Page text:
This section will be easier to understand if you are
the memory hierarchy on modern processors.
Array based implementations of collections will generally show
slightly better performance than linked list implementations.
This will only be in the constant factor: scanning both arrays and
linked lists is basically an O(n) operation.
However, a number of factors contribute to slightly better performance
The address of the next element in an array may be calculated from
a current address and an element size - both held in registers:
(next)address := (current)address + size
Both addresses may use a single register.
Since no memory accesses are required, this is a single-cycle operation
on a modern RISC processor.
Using arrays, information is stored in consecutive memory locations:
this allows the long cache lines of modern processors to be used effectively.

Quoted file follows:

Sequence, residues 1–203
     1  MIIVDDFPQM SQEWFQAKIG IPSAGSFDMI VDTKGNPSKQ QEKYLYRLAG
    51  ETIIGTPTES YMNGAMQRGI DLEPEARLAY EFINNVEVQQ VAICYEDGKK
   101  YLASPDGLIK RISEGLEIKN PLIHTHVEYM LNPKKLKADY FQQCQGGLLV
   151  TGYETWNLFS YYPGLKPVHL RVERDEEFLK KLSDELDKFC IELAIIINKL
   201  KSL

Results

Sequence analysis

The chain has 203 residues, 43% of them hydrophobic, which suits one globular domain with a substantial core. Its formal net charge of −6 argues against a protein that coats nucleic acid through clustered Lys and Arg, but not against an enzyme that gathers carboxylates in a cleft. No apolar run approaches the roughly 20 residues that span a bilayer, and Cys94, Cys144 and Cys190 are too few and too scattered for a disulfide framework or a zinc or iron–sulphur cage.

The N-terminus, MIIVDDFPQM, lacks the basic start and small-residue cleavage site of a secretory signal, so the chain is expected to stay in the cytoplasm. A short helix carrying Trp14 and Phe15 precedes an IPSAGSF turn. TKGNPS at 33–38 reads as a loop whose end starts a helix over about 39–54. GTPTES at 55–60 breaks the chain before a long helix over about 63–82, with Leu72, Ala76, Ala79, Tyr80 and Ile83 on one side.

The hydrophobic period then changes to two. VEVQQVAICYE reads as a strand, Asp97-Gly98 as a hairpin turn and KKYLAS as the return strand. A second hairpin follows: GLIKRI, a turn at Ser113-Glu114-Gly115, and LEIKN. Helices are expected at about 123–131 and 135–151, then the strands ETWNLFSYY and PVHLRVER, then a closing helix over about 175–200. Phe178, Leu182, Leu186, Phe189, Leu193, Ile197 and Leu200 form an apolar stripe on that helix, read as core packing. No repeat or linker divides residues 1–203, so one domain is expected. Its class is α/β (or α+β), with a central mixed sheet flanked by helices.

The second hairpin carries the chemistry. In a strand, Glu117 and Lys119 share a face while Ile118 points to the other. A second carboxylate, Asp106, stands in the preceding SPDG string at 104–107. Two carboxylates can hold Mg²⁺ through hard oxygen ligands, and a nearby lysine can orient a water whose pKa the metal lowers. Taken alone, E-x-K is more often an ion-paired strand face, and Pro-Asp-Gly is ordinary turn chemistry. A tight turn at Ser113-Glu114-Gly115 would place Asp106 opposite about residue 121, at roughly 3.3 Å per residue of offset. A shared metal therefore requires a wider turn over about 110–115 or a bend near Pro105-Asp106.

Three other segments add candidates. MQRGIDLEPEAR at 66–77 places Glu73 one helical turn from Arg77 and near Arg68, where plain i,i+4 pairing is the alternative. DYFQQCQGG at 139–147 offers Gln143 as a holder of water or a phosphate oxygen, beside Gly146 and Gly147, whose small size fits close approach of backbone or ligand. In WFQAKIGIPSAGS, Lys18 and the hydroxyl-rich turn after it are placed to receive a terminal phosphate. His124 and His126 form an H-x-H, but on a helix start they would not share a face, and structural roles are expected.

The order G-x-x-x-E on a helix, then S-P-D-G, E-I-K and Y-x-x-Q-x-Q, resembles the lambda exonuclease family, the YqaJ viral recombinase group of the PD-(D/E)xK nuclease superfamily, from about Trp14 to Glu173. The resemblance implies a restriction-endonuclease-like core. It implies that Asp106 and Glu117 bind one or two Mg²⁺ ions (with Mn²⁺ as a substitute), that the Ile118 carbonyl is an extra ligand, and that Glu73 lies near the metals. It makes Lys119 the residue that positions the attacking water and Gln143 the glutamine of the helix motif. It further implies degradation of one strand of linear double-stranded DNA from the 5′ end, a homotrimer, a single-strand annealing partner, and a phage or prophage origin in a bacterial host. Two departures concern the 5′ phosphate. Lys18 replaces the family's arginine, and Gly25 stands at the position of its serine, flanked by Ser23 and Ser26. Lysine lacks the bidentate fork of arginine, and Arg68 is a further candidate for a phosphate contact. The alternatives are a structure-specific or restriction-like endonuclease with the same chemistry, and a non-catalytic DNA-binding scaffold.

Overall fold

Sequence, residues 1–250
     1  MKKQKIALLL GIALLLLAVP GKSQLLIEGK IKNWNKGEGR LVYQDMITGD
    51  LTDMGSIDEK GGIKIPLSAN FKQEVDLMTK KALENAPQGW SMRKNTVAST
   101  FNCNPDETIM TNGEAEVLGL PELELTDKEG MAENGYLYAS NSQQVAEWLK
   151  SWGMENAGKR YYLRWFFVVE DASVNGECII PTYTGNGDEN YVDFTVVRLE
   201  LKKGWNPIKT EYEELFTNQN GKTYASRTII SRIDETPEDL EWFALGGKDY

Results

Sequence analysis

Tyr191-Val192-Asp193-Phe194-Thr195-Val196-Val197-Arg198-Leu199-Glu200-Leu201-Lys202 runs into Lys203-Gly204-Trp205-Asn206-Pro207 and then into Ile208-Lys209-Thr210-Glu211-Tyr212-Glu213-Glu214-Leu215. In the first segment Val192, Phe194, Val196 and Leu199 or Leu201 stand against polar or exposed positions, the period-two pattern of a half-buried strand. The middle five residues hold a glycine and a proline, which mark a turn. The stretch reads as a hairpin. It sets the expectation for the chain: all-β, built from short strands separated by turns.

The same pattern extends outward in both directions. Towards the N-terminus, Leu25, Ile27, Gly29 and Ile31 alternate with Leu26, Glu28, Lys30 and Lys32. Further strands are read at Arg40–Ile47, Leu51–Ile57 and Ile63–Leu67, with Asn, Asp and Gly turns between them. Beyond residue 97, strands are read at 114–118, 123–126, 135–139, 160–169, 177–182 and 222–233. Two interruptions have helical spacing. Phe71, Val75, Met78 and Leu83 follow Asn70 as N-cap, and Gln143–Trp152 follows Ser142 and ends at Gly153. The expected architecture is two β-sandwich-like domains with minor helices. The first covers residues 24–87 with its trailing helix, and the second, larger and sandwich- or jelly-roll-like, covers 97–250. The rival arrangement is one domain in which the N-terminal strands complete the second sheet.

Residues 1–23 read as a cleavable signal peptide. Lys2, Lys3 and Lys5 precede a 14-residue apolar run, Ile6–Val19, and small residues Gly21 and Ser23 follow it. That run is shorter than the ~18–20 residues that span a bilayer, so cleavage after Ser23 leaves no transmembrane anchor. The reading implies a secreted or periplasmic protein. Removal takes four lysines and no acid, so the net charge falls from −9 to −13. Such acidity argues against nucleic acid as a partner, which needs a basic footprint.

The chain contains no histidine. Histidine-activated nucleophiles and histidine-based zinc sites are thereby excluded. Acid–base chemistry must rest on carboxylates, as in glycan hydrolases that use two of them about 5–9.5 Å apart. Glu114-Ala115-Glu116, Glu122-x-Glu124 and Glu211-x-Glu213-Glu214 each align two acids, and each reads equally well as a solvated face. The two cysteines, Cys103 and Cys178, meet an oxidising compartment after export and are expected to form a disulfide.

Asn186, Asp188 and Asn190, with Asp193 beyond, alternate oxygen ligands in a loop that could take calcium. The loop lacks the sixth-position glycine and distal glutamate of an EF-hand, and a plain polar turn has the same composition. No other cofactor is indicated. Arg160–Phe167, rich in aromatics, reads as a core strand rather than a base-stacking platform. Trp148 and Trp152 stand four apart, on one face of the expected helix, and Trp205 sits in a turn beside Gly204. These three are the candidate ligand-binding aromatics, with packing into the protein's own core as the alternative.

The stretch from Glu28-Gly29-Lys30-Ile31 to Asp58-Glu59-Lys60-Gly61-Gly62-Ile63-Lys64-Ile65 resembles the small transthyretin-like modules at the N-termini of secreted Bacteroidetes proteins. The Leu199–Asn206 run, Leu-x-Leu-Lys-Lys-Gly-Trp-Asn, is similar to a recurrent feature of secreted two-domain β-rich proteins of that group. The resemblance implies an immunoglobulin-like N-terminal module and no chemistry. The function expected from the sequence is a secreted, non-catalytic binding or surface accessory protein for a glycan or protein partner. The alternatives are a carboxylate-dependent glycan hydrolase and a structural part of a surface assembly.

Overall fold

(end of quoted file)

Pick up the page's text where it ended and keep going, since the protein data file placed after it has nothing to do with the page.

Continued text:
The part of the cache line which is "pre-fetched" by accessing the current
element of an array contains part of the next array element.
Thus no part of the cache or the CPU<->memory bandwidth is "wasted" by not being
In contrast, with linked list implementations:
There is additional overhead
for pointers (and the overhead normally introduced by memory allocators
like malloc). This means that fewer elements
can fit into a single cache line.
There is no guarantee that successive elements in a list occupy successive
memory locations. This leads to waste of memory band-width,
because elements pre-fetched into the cache are not necessarily used.